I quoted Tim Flannery one of the great climatologists in the world when asked on a panel I was on with him in New Zealand. He was asked ‘what is it about us in the world, that is not taking climate change action as urgently as we need to? When the science is so strong. His answer was “Imagination” is lacking…Imagine we can do things differently, Imagine we can build our economies differently, Imagine we can innovate differently…..
What I took from Tim’s words is that Imagination is not just dreaming up things but imagination can lead to concrete action. New ideas and ways can be built from Imagination. I think youth are well placed to start to Imagine a new world that will be sustainable for their children and future generations. It can take time as all change and work happens at the speed of trust. So it is time to start to build new relationships with Indigenous peoples, imagine new ways forward however long that will take….the Movement from all the youth must start now…So as a start let’s reimagine a new way that Re -aligns economic values with the Indigenous world. Values base on fairness, respect for the planet, respect or our lands, waters and air….and for each other.
Are there any systems in place you believe to be working against environmental and social progress that have yet to receive attention?
I hope I understood your question as the sound was not clear on your system. Let’s try to see if I got it right. I think there has been in past many skeptics who got way too muchmedia attention and sound bites with how they see climate change as a hoax or not real. Or that they see it as benefit rather then an environmental disaster. Or that our economy will be hurt by our actions in addressing climate change. We now know it is our inaction that is harming our economies and our livelihoods.
I have been at this work now for over 20 years and in the beginning there were a lot of theses voices and excuses, but now we see the in-action in addressing climate change is creating havoc for many. And we see less of these skeptics and perhaps media doesn’t give them as much attention like they used to. All to say more in the world now see climate change as urgent, requiring urgent action. We need to focus all our efforts in that movement of taking action on many levels.
What advice would you give to young climate change activists who are struggling with the impacts that climate change and climate change activism have had on their mental health?
What would you say to those who are feeling hopeless?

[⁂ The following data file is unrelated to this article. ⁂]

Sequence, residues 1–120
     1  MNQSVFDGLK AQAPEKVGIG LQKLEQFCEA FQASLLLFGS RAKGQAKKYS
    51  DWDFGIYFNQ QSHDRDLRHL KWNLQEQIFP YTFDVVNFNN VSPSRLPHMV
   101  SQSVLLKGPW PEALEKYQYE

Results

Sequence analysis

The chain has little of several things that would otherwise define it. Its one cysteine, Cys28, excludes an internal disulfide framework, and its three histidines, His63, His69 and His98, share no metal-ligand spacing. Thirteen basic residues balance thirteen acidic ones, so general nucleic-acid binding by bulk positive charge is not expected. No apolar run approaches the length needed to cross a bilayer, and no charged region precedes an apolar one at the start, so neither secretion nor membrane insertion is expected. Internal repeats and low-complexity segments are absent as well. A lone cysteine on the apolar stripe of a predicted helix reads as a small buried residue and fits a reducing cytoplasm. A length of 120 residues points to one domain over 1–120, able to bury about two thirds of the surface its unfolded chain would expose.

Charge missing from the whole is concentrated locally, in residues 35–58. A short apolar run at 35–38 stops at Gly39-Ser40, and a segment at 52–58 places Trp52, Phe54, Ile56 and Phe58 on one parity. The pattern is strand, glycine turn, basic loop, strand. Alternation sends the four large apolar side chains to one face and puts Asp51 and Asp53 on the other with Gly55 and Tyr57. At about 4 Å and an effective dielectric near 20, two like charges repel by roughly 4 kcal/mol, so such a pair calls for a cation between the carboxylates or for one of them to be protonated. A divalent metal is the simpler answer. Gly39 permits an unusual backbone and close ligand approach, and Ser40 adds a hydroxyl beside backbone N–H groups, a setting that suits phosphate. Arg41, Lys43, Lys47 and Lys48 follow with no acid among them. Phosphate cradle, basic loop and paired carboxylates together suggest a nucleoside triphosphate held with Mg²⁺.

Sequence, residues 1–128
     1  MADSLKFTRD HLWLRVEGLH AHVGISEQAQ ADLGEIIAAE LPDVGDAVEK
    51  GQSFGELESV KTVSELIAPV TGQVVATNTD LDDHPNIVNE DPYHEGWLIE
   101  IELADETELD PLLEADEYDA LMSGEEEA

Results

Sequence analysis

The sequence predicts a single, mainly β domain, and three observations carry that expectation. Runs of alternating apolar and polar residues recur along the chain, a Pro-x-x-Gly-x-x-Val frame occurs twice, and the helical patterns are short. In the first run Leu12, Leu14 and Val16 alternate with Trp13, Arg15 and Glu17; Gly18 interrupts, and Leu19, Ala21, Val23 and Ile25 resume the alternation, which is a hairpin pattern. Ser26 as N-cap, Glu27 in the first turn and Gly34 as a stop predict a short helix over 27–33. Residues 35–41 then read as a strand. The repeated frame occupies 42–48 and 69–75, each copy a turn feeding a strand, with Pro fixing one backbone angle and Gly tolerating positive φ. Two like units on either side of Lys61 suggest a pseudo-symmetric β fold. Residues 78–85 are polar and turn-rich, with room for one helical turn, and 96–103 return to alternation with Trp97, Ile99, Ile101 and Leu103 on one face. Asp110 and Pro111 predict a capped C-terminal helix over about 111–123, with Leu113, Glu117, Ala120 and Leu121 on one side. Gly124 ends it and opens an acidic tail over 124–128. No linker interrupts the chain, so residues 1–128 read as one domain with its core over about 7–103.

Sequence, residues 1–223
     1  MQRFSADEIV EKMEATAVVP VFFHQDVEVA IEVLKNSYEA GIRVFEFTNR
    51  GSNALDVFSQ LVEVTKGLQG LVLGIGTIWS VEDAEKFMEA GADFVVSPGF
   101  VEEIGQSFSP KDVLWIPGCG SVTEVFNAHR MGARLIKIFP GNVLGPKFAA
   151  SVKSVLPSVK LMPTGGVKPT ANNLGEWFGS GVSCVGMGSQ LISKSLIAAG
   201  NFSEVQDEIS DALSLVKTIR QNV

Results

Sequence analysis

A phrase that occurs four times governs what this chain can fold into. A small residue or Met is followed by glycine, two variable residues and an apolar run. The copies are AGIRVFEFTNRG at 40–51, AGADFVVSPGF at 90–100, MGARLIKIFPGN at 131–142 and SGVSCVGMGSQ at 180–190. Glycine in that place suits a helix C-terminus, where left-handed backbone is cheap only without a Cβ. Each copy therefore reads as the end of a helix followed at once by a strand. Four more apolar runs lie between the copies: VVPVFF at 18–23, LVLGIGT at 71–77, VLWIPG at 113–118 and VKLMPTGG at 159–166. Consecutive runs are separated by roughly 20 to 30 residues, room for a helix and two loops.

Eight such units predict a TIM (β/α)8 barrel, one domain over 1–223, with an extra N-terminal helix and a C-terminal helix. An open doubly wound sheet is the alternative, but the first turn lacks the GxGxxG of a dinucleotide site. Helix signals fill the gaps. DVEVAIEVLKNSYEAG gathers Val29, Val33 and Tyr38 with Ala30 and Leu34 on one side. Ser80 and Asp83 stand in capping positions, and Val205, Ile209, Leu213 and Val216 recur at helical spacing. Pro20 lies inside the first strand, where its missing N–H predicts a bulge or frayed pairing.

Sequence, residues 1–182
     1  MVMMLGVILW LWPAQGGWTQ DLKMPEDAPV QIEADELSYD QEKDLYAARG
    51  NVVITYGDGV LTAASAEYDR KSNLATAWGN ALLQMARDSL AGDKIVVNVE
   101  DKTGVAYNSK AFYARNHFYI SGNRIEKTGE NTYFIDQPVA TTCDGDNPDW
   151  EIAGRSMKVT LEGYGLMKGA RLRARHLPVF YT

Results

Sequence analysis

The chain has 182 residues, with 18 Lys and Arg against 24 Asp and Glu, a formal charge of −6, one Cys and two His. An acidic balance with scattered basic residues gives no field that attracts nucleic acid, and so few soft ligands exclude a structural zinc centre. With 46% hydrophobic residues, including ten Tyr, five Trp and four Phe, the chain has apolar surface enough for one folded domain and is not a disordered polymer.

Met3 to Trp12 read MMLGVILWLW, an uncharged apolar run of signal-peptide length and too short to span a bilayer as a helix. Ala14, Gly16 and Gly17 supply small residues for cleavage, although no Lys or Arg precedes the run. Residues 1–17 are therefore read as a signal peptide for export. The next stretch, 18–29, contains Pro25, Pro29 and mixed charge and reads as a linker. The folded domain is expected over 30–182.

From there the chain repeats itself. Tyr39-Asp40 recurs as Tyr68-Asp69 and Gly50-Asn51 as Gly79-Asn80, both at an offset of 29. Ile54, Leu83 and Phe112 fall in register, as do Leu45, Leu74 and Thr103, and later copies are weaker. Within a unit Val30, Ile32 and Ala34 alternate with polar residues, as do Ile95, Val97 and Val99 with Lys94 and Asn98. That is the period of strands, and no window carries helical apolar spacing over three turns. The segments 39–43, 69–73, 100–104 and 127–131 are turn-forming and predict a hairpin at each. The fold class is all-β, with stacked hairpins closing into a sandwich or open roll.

First, hopelessness can be a real damper on anyone’s life. Especially during these times we now live in. I would say first off, it is difficult for many youth to feel hopeful about their future in light of how the adult world and leaders are not taking action as urgently as they need to. In having said that though I don’t want anyone to feel hopeless as we need more hope in this world to get through these precarious times. I say respect climate change not fear it. Just as people are saying respect COVID not fear it.
Fear is such a paralysing emotion to have. Know that the solutions that will come to the forefront if we all start to move into a better understanding of the issues our interconnectedness as human being, It is not only about science, politics, or economics but one of our common humanity and human rights. We need to better address these issues from a human perspective. To feel deeply for the issues can be a daunting overwhelming feeling. But know that solutions will be found I am sure in your lifetime. The world is still beautiful and strong and we must build on that. Find nature when you can and sit in those places and spaces that show you just how resilient it still is and this will help feel your own spirit to carry on with hope. Big hug!
In your book it made me extremely frustrated by the fixed mindsets some people have. Who was the most difficult person to convince or to deal with during your political days?
Good question! I had to think about this as just one person didn’t really come to mind and I didn’t and don’t still try to ‘convince’ difficult people to come to a common understanding per say. When people have asked me “ How do you deal with skeptics or those who don’t want to understand?” Most times, my answer has been “I don’t” In other words I have focused more on what I can help to change rather than on those who don’t want to change. However I in terms of the work and dealing with Governments/Countries and some attitudes I would say in pioneering the work on connecting climate change as a human rights issue to bring forward a legal petition to the Inter-American Commission on Human Rights was a very challenging task.
As you read the challenges were even within my own Inuit world to move in that direction, not to mention with big powerful countries like the USA which we targeted as the violators of the Human Rights of Inuit due to their in-action to address their greenhouse emissions. Just to reiterate I do try to focus on what I can help change rather than on those who don’t want to change. Otherwise I would burn out trying to convince those who are steadfast in their views of the world and life. I engage in the politics of influence rather than the politics of protest. I have found it to be more effective in changing the hearts and minds of the world.